A bill that would give Kentucky students a voice in selecting school system superintendents has hit a snag. On Monday, Kentucky senators tacked on two controversial amendments — one related to which school bathrooms transgender students may use, the other protecting religious speech at school — that the students say are likely to doom their effort.

“We really do have bipartisan support, it’s just these amendments don’t have bipartisan support, and they have nothing to do with our bill,” said Eliza Jane Schaeffer, a 16-year-old junior at Henry Clay High School in Lexington.

Schaeffer is part of the Prichard Committee Student Voice Team, a statewide organization of students in middle school and high school that works to give young people a chance to weigh in on state and local education policy.

The bill they brought to the state legislature this year would allow students to sit on superintendent screening committees, which review applications and make hiring recommendations to local school boards. State law currently prohibits students from sitting on those selection committees.

The Democrat-led Kentucky House passed the bill by a wide margin, 88-5, and on Monday, the legislation passed easily out of committee in the Republican-led Senate. The riders cropped up later in the day on the Senate floor.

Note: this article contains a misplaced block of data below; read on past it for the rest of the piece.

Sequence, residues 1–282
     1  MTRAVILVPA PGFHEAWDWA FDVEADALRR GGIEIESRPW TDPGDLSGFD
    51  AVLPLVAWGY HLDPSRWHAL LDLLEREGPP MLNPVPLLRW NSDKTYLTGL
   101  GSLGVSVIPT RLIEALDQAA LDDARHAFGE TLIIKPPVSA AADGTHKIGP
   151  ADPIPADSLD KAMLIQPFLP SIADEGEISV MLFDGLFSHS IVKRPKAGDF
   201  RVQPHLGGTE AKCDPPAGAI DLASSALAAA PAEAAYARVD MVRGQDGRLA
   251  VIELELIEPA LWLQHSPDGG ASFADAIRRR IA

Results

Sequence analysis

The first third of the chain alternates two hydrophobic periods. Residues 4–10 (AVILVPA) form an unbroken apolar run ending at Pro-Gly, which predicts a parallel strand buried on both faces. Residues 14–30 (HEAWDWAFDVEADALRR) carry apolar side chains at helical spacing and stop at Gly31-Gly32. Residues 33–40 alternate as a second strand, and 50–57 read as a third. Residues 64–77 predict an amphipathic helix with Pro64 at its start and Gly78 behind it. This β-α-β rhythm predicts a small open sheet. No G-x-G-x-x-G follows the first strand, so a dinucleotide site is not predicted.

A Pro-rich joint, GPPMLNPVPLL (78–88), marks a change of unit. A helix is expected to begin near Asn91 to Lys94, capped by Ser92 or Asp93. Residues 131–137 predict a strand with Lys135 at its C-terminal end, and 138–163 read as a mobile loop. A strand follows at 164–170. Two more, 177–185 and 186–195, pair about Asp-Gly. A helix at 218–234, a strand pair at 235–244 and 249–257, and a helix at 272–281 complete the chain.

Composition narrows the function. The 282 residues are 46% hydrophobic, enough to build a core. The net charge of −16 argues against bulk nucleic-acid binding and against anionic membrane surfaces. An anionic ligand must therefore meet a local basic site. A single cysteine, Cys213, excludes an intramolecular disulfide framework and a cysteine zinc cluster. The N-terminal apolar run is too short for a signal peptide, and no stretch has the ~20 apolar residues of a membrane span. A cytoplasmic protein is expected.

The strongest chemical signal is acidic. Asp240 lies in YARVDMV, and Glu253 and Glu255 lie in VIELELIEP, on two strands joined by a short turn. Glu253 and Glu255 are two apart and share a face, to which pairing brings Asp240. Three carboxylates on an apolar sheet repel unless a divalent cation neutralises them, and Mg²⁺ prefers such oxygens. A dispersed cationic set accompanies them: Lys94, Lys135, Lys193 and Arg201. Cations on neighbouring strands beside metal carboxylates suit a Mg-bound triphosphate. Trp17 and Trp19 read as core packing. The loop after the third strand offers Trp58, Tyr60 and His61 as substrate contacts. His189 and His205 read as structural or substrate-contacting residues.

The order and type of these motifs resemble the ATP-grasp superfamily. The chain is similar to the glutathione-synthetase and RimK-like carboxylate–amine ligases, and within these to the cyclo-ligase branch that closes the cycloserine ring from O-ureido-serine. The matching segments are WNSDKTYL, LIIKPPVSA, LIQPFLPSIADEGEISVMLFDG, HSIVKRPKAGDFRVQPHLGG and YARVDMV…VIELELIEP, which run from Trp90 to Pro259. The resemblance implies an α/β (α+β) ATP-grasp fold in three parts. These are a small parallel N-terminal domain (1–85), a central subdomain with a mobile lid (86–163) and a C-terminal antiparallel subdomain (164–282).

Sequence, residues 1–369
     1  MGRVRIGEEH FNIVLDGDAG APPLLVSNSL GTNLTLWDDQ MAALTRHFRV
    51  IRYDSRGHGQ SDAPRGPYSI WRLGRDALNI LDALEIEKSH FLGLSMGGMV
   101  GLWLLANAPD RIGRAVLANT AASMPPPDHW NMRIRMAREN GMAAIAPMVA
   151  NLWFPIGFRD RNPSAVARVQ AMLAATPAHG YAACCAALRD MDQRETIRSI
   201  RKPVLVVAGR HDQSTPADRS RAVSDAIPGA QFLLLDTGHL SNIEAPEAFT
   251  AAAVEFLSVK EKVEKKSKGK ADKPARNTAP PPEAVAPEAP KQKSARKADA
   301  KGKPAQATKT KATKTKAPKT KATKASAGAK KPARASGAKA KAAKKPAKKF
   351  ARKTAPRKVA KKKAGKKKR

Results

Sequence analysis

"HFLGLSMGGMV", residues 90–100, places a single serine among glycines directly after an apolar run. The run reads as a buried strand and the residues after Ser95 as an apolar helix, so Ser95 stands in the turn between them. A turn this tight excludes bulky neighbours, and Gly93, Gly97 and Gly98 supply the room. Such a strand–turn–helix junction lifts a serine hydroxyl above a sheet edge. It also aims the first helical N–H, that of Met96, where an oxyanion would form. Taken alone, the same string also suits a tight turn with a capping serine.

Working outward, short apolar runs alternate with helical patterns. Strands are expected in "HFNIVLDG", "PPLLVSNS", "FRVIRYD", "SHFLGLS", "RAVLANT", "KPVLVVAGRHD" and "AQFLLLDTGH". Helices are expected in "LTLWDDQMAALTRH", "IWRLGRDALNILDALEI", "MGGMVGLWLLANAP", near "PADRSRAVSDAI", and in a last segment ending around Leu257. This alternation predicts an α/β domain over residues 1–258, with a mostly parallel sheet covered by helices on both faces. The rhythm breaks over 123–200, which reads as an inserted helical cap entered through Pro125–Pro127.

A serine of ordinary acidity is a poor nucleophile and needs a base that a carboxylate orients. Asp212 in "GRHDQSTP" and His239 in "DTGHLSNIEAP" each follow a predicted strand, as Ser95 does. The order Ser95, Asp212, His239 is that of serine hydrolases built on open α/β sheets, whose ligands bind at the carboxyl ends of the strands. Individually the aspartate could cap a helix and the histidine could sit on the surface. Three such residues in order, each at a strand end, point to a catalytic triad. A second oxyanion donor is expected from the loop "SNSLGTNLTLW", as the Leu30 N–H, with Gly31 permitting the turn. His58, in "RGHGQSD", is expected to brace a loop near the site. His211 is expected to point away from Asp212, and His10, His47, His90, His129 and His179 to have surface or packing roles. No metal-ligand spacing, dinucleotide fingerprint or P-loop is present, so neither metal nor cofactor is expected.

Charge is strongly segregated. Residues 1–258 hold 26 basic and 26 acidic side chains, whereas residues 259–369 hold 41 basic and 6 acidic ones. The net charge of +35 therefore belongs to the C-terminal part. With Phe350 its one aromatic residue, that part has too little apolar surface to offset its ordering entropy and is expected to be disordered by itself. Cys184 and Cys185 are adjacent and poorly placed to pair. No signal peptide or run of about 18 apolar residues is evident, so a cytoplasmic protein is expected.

Grounds around the Capitol, Thursday morning, March 5, 2015, in Frankfort, Ky. (Tom Loftus/AP)

Sen. C.B. Embry Jr. (R-Morgantown) added language meant to ban transgender students from using school bathrooms that don’t match their anatomical sex. The second amendment, from Sen. Albert Robinson (R-London), is meant to protect students’ religious speech at school.

Both amendments are separate bills that passed the Senate easily but stalled in the more liberal House.

“They either let our bill through, or we will attach it to legislation such as this,” Robinson said, adding that he likes the students’ superintendent bill but has to send a message to the Democratic leadership in the House. “You either sacrifice your own bill, or you pass what you should have passed to start with.”

Embry did not respond to a request for comment.

Schaeffer and her fellow student Gentry Fitch, both of whom have testified about the bill in the legislature in the winter, said they’ve learned that their civics and government classes have offered a somewhat sanitized view of how government works. And that old Schoolhouse Rock song, “How a Bill Becomes a Law”? A little Pollyanna-ish.

“Our running joke is that it’s less ‘Schoolhouse Rock’ than ‘House of Cards’,” said Rachel Belin, one of the students’ adult advisers. “As a former social studies teacher, I’m worried that an unbelievable civics lesson may become an unbelievable cynics lesson.”

Robinson said the students are learning about real life. “It’s Politics 101,” he said.

The students are continuing to lobby for their bill in between their high school classes, reaching out to lawmakers and to the media to press their case. But they’re running out of time: Kentucky’s legislative session ends Wednesday.